Café Coffee Day currently has 400 coffee outlets in India and plans to open another 250 this financial year. It also has thousands of Coffee Day Xpress vending machines (and two subsidiary-owned coffee shops in Pakistan and, as its beachhead in Europe, three in Vienna). Café Coffee Day looks forward to the entry of Starbucks into the Indian market as it believes that Starbucks will persuade customers to accept much higher prices for coffee drinks. For more, see here.
A close look at Austria’s bars and restaurants shows a nation in conflict: smoking bans are being both vehemently demanded and fiercely rejected.
The Turkish Press reports.
In 2005 an Indian coffee chain, Coffee Day, opened a shop in Vienna, sometimes regarded as the world’s coffee capital, and added a second in 2006. Coffee Day has 250 outlets in India. Although there has been a slight decline in coffee houses in Vienna recently, there remain about 2800 places to buy a cup of coffee, many of them in the city center. To accommodate local tastes, the Indian coffee shop added sacher cake, apple strudel, and "melange" (strong coffee with hot milk and milk foam), to Indian specialities such as chai and curries. Another outsider has had only limited success in Vienna. When Starbucks opened its first Vienna outlet in 2001, it hoped to have a total of sixty in five years. It has been forced to settle for nine in Vienna and vicinity. Its Italian-influenced, vanilla-flavored coffee has not displaced traditional Vienna coffee styles. Coffee in Vienna often has a cinnamon flavor (as French coffee sometimes includes chicory). For more, see here.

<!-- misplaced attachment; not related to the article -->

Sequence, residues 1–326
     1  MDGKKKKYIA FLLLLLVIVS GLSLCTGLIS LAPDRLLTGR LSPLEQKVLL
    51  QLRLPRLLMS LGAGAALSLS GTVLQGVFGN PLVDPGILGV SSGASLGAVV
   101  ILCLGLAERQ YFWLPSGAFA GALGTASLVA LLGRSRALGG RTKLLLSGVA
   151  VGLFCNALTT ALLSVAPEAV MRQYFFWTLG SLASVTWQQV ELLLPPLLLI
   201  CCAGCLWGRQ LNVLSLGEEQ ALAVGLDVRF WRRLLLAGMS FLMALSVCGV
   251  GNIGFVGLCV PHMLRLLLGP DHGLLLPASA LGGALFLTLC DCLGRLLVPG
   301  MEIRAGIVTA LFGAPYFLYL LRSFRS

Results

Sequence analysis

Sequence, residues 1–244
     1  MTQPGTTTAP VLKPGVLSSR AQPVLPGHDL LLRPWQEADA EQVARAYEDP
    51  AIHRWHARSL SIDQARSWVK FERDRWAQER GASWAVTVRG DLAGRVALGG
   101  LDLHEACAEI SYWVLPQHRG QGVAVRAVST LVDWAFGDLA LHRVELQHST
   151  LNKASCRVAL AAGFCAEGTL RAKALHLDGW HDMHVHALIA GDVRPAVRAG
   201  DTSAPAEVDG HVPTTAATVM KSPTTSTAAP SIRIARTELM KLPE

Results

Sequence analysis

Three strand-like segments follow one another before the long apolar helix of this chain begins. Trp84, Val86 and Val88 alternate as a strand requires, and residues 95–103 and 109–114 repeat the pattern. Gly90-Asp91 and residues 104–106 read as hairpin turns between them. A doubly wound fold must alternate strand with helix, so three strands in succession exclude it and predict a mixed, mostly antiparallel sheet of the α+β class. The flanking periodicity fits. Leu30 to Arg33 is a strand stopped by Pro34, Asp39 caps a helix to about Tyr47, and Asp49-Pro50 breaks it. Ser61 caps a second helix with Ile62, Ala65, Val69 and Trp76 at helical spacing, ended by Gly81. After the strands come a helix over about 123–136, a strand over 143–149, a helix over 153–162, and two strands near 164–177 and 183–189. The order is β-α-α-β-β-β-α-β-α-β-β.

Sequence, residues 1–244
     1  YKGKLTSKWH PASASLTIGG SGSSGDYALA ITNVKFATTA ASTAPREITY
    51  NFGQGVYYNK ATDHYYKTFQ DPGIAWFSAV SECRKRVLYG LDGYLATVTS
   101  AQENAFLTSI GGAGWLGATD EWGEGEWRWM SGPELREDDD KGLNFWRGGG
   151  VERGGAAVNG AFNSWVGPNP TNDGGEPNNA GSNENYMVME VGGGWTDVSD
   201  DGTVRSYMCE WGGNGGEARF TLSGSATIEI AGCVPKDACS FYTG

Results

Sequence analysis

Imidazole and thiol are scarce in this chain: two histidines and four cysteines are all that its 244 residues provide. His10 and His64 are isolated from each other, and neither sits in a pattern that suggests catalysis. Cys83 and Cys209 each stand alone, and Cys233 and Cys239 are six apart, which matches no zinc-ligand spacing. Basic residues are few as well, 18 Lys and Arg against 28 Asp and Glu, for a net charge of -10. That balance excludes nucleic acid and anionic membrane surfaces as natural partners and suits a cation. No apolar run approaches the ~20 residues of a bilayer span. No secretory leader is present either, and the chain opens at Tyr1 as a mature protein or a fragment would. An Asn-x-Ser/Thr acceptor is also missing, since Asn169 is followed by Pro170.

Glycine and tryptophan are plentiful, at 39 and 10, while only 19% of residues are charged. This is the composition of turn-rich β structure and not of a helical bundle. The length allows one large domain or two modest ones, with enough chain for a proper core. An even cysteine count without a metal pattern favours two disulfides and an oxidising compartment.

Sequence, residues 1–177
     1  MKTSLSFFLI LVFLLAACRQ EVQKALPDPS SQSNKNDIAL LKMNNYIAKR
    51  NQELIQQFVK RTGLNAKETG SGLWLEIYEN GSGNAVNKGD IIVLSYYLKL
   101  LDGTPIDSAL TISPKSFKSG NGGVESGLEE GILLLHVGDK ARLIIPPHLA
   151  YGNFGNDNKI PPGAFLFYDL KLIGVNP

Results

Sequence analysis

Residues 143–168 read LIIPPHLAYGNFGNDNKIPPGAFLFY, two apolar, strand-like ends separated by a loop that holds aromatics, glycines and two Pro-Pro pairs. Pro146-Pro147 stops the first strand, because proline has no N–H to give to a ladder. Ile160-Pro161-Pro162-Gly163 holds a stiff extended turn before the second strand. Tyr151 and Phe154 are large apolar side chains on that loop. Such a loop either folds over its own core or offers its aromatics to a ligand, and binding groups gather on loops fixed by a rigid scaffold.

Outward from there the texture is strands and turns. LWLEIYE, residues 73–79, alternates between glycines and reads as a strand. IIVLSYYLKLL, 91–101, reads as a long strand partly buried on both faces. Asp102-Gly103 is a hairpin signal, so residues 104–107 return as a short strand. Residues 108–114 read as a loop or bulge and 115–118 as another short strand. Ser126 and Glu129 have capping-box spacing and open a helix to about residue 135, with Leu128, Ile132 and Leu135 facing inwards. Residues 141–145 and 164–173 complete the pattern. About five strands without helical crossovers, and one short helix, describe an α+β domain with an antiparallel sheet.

Ibsen, Satre and Dali worked best with a glass in front of them. A new book explores the contribution made by café culture to their greatest creations. The Independent reports.
Rather than eradicating opium crops in Afghanistan, the growing of opium should be regulated to manufacture medical drugs like morphine and codeine, which developing countries have limited access to, said an international think tank in Vienna on Wednesday.
Legal prescription drugs are being trafficked illegally over the internet, the UN’s anti-drugs body has warned. The BBC reports.